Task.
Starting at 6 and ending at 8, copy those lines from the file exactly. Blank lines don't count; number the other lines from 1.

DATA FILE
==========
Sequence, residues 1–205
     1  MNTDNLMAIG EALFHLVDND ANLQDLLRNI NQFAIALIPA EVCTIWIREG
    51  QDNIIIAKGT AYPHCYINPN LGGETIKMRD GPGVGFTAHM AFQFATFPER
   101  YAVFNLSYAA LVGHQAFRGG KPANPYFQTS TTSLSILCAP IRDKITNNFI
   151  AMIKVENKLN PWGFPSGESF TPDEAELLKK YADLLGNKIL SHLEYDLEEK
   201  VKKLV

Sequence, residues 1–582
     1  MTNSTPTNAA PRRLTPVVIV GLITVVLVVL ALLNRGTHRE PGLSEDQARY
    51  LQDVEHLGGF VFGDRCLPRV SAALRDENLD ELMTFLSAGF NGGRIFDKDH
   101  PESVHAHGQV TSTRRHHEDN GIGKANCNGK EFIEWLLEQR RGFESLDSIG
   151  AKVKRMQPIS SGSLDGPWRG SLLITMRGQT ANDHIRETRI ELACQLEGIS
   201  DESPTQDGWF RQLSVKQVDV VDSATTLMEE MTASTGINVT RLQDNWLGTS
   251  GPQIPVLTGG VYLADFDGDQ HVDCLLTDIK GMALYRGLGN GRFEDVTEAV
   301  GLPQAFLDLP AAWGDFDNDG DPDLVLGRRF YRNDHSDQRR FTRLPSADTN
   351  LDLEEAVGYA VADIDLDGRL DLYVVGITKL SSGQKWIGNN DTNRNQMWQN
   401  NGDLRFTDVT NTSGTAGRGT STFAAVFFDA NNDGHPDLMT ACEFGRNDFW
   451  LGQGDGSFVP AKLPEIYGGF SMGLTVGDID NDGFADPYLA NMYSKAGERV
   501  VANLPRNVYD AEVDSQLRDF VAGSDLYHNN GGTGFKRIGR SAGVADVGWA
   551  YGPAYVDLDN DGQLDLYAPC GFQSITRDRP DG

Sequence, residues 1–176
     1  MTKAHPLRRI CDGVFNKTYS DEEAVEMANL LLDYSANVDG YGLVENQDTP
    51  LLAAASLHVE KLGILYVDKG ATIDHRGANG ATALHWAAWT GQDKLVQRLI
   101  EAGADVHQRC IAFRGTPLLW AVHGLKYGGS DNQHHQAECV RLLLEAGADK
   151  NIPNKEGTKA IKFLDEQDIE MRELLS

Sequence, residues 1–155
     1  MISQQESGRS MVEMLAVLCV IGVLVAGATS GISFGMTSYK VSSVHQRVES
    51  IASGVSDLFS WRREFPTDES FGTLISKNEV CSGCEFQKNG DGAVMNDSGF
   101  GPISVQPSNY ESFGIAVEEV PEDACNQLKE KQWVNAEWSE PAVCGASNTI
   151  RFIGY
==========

   201  VKKLV

Sequence, residues 1–582
     1  MTNSTPTNAA PRRLTPVVIV GLITVVLVVL ALLNRGTHRE PGLSEDQARY